DragonFly BSD
DragonFly kernel List (threaded) for 2003-09
[Date Prev][Date Next]  [Thread Prev][Thread Next]  [Date Index][Thread Index]

Re: Event reporting (was Re: Anybody working on removing sendmail from base?)

From: Chris Pressey <cpressey@xxxxxxxxxxxxxxx>
Date: Mon, 29 Sep 2003 11:28:05 -0700

On Mon, 29 Sep 2003 19:14:56 +0200
ibotty <bsd@xxxxxxxxxx> wrote:

> >     The main thing that must be considered with regards to an event
> >     reporting interface is whether to focus on high level events or
> >     on high performance events.
> >     For high level events I would strongly consider a human-readable
> >     ascii interface for event reporting.  I've written such
> >     interfaces before, for telemetry systems, and passing the event
> >     data as an ascii string is the most powerful, most portable
> >     reporting method in existance.
> > 
> >     An ascii based event oriented interface would work something
> >     like this: [snip]
> i do really think inventing yet another (high level) event system is
> wrong!(there is at least dcop (by kde), (something by gnome), gdnc (by
> gnustep), distributed notifications (by cocoa), and these are only the
> major systems!)
> atm, there is a chance of uniting at least two maybe three of the
> above. we should really adopt dbus, when it is ready. it has a
> suitable license (bsd, gpl, whatever you want according to the
> maintainers). and it is a superset of above design! (at least nearly,
> dont know about filters) notifications/events is only one part of it.
> it is high-level ipc in general, it even handles security.
> pls, we should embrace, not fight it.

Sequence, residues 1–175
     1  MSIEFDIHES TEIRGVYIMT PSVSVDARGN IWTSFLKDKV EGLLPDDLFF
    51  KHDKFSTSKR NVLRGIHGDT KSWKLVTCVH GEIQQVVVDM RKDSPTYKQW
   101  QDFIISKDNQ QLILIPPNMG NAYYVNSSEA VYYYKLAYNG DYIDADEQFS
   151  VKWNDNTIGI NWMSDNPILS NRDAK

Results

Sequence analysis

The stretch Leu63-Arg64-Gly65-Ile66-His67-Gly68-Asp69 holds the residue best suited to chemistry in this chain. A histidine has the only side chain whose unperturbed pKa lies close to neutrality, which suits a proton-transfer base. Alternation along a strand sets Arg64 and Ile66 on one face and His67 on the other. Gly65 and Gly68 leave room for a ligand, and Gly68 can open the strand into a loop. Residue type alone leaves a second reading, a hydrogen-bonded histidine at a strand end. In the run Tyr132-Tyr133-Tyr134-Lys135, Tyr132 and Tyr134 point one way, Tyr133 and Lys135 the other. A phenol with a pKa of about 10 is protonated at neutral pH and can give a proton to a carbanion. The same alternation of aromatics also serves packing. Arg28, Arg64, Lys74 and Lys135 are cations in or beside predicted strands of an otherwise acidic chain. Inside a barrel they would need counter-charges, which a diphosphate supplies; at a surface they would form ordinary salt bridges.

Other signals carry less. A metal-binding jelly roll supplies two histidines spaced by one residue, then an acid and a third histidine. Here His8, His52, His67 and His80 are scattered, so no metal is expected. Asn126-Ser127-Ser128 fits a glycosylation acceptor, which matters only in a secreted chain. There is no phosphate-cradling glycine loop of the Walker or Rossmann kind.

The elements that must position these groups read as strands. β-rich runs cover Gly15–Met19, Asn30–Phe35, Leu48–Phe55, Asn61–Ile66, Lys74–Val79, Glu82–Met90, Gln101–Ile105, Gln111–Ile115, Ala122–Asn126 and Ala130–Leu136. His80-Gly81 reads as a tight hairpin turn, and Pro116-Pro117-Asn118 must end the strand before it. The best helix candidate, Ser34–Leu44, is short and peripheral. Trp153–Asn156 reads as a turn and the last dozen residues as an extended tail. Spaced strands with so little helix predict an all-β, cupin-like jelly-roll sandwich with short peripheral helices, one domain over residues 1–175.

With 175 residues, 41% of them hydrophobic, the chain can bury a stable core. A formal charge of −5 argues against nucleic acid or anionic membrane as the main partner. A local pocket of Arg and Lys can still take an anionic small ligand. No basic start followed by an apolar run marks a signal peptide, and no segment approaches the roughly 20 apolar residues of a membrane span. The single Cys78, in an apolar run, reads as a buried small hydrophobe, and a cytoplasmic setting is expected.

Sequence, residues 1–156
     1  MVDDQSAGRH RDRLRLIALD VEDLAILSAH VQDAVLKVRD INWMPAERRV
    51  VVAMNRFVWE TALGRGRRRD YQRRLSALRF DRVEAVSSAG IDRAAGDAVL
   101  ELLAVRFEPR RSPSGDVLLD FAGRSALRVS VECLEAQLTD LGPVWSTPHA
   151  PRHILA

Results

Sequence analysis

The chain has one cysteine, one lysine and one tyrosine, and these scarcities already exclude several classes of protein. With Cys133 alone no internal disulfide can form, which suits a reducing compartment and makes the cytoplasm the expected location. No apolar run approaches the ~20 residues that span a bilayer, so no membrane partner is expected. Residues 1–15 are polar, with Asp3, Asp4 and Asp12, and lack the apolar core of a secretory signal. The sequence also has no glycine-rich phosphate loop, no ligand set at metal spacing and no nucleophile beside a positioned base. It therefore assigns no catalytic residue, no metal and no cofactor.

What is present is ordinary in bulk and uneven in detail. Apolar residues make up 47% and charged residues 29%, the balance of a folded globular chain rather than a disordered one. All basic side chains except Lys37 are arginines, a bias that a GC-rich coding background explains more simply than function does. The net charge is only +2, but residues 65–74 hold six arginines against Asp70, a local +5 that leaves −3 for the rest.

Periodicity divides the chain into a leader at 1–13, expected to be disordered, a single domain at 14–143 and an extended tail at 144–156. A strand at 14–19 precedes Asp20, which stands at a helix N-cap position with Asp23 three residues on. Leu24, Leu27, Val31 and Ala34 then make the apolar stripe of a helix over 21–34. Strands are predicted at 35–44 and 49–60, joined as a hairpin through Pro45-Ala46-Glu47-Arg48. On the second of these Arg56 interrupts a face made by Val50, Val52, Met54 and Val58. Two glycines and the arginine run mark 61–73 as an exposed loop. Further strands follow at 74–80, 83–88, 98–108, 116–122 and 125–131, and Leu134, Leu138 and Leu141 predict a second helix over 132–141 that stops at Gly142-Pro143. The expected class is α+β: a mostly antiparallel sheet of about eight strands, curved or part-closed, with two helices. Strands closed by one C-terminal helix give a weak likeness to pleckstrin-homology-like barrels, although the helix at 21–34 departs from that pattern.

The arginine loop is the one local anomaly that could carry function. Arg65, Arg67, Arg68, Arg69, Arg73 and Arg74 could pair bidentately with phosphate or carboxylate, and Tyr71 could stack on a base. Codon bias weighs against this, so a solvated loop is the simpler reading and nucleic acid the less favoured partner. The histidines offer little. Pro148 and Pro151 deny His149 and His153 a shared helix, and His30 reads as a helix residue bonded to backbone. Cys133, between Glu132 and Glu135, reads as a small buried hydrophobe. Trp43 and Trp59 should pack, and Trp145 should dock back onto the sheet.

Yes!  Embrace and EXTEND!

Ahem.  Just kidding :)

Seriously, I don't know.  I am kinda sick of event notification systems
that are tied too closely to a particular platform (whether that
platform is a desktop (KDE/GNOME) or a language (Erlang/foo-Linda) or a
development framework (GnuStep/Cocoa).)

So D-BUS scores points for abstracting the problem away from any
particular regime.

On the other hand (and AFAICS) D-BUS is a one-to-one binary protocol
which exposes a socket-based API(?) while what Matt is presenting is a
many-to-many text protocol with pattern matching which exposes a
fifo(ish)-based API(?). (Please correct me if I'm mistaken.)

So in that sense D-BUS is probably not abstracting as much as it could
be.  (I'm a fan of pattern-matching on events; Erlang got that part
*spot on*, IMHO.)

For that matter, Matt's scheme could probably use a C(?) API wrapper
(as it would help for portability onto systems that don't support fifos,
as well as maybe helping to enforce the protocol.)  But the filesystem
interface is nice to have too, making it easy to use from shell scripts
and such.

Also, both of these systems are single-machine IPC.  D-BUS is presumably
multi-user, as it seems to go to some length to implement AUTH.  If the
problem was reduced to single-user IPC, access rights could be done
in Matt's system entirely by chmod'ing fifos.  I think.  That seems a
lot simpler and more appealing to me.  (If multi-user (or even multi-
machine) IPC is needed over and above this, some sort of 'bridge' could
be constructed.)

In the end, there might not even be a conflict between D-BUS and Matt's
design, if Matt's design can just be layered on top of D-BUS, or vice

Anyway - it's a lot to think about, but it's not like we have to make a
firm decision tomorrow.

But I do think this is definately something I want to work on.


[Date Prev][Date Next]  [Thread Prev][Thread Next]  [Date Index][Thread Index]